The love story that Hamid Baig has penned down and titled Little Maryam is truly a romance: A romance that knows no bounds, yet, ironically, is bounded by all sorts of social chains. Saadiq knew that his heart belonged to Maryam from the moment he set his eyes on her. He knew that she would become the air that would fill his lungs. His feelings are so strong for her that he reminded me of a dialogue that Stephenie Meyer used in her book Eclipse to express the meaning of an imprint,
It’s not like love at first sight, really. It’s more like… gravity moves. When you see her, suddenly it’s not the earth holding you here anymore. She does. And nothing matters more than her. And you would do anything for her, be anything for her… You become whatever she needs you to be, whether that’s a protector, or a lover, or a friend, or a brother.
– – Quote Courtesy – Stephenie Meyer
However, Hamid Baig’s Little Maryam has nothing to do with werewolves or Vampires.
Saadiq’s love for Maryam could not change society’s norms and traditions and had to surrender. At present, he has been bestowed with the honor of being a Nobel Prize nominee, is a renowned gene therapist, can get almost anything he wants, but no materialistic gain can bring a genuine smile to his face. When he is forced to spend a long and bumpy ride to India with a journalist named Anne, he somehow finds himself cornered to share his heartwrenching love story with her.
Saadiq is not a character whom you would like, let alone love, in the beginning. The author has ensured that you, as a reader, would find him pompous, rude, and unlikable. Nevertheless, trust me, before you would realize what hit you, you would be wishing his heartache to end. Saadiq has no filter in his words and reactions. He says and does whatever comes naturally to him. Only Maryam can make him do something he does not wish to do. To put it simply, he loves her. The protagonist, Saadiq, is a character that you would love to hate and hate to love.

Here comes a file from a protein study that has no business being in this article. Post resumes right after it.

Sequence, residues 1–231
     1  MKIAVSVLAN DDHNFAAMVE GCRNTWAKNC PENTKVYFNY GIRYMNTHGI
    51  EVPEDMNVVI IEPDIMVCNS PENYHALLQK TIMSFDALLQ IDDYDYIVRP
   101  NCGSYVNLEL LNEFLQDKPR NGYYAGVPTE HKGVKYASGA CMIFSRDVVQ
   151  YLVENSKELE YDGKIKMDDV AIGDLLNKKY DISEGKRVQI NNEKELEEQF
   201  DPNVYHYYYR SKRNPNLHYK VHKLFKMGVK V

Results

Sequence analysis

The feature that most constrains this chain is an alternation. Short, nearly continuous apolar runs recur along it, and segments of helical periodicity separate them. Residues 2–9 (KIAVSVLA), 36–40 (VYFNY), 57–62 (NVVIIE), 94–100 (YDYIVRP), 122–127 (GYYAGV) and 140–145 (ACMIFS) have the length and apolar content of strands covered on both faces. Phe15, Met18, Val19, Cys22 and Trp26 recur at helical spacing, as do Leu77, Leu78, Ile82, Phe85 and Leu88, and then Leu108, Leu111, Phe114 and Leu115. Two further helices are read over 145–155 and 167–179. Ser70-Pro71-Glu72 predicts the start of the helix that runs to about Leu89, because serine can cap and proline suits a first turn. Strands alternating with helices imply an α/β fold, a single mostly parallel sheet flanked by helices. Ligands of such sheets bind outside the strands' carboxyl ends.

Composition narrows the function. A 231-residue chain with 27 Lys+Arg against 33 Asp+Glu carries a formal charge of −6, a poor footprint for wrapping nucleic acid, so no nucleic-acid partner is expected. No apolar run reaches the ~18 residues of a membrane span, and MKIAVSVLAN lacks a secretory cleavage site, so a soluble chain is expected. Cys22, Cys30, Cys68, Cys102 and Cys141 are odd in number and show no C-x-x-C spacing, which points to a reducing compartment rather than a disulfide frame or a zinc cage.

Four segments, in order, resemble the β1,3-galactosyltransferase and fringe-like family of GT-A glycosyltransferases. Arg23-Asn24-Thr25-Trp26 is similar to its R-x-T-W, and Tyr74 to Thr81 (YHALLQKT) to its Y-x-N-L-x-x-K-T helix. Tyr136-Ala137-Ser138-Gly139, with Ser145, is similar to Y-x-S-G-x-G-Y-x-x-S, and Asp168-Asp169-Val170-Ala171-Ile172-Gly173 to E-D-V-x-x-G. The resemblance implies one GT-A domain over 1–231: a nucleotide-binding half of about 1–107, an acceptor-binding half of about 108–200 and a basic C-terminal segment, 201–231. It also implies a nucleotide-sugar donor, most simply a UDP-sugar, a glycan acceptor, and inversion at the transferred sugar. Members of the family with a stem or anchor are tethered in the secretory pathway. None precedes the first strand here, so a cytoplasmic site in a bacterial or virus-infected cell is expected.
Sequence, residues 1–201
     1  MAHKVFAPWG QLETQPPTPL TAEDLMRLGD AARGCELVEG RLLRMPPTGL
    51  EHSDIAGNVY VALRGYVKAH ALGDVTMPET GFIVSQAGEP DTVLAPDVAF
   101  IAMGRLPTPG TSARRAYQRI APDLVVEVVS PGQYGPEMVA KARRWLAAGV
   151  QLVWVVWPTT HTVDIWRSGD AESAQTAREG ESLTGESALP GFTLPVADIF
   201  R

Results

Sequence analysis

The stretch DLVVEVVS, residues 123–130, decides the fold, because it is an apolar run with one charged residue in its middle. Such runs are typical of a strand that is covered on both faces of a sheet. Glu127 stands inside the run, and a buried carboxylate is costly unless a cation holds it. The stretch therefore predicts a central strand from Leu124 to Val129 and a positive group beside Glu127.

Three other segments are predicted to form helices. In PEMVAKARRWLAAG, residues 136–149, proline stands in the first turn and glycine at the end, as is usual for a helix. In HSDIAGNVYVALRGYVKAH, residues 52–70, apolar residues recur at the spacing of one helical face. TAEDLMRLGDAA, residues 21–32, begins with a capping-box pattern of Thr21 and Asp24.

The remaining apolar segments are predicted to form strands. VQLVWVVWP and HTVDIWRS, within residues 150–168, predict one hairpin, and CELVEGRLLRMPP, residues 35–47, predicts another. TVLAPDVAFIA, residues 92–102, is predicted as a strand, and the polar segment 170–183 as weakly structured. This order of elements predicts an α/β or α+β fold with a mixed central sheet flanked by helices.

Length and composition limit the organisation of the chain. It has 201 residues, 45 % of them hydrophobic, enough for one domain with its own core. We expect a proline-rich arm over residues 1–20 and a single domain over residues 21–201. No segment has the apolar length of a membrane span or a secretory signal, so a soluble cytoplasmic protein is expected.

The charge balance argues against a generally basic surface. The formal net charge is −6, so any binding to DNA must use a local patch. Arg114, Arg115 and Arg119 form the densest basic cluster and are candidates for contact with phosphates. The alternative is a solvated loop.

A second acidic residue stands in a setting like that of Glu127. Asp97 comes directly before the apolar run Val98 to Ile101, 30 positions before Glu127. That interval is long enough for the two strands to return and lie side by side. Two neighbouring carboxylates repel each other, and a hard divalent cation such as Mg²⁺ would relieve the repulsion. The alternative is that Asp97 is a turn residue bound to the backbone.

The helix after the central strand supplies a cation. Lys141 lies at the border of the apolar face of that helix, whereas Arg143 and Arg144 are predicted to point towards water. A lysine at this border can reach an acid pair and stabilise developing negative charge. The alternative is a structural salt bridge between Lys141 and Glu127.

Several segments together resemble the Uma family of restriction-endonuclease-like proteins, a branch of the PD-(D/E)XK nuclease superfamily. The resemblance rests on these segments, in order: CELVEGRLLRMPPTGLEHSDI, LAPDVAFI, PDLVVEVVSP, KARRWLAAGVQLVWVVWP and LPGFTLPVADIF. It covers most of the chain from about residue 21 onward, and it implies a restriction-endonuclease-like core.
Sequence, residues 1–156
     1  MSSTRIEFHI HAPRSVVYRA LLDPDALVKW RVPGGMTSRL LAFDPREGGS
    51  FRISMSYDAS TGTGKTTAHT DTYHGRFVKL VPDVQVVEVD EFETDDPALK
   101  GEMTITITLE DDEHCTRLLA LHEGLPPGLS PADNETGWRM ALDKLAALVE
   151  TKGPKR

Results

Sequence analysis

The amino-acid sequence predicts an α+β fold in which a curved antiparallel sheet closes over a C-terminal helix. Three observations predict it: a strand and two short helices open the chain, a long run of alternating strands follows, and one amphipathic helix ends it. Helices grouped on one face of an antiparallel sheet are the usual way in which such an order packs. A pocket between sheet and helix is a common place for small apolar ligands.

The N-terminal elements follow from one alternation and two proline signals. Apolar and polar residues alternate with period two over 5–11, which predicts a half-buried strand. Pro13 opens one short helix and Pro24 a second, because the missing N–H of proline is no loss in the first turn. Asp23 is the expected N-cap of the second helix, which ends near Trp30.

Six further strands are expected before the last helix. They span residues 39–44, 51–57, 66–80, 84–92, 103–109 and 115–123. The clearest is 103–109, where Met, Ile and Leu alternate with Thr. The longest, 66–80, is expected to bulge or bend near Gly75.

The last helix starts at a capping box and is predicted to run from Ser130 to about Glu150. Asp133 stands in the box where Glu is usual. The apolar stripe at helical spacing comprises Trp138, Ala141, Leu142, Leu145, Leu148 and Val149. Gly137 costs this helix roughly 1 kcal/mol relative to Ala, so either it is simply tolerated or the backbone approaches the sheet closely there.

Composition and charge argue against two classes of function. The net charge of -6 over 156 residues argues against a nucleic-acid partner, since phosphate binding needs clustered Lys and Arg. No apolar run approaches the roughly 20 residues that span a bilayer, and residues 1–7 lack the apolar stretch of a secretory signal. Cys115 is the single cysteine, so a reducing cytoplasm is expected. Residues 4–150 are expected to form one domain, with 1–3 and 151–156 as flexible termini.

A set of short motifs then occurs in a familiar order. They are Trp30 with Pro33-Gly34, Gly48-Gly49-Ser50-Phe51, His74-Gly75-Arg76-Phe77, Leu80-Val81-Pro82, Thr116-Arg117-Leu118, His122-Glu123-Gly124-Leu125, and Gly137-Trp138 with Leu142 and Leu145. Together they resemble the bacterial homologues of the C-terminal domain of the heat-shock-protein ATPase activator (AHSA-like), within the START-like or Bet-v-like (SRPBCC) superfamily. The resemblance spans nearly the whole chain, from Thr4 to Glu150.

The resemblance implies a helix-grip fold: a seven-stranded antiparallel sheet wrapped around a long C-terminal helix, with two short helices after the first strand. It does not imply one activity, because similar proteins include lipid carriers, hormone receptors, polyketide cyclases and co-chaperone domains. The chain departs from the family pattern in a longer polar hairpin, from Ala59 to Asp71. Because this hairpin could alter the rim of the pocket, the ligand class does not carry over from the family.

The author has managed to write the feelings of the characters so beautifully that I, as a reader, found myself connecting with them on a very deep level. I could understand their reactions, behavior, and emotions. For an author to be able to make that connection must be a challenge and a reward. In my humble opinion, if I do not feel the pain or the joy a story’s character, then reading becomes a chore and not an enjoyable experience. Reading Little Maryam did not become a chore — not even for a single second. Usually, mushy dialogues make me cringe, but, since the author had laid a strong foundation of the love that Saadiq and Maryam shared with each other, their conversation seemed nothing if not spontaneous.
The story is packed with a lot of spices: drama, twists, family, anger, conspiracy, heartbreak, action, and, of course, love. If you haven’t been craving to find a special someone who would leave no stone unturned for a little smile on your face, then, mark my words, you would desire for that someone after reading Little Maryam. My heart ached and yearned for Saadiq and Maryam to be together. The perfect execution of a captivating plot made this book a perfect companion for my Valentine’s day. I have been so engulfed in everything Saadiq for these couple of days that I am not going to forget Little Maryam anytime soon.
You can click this link to get a copy of this incredible love story: Buy Little Maryam
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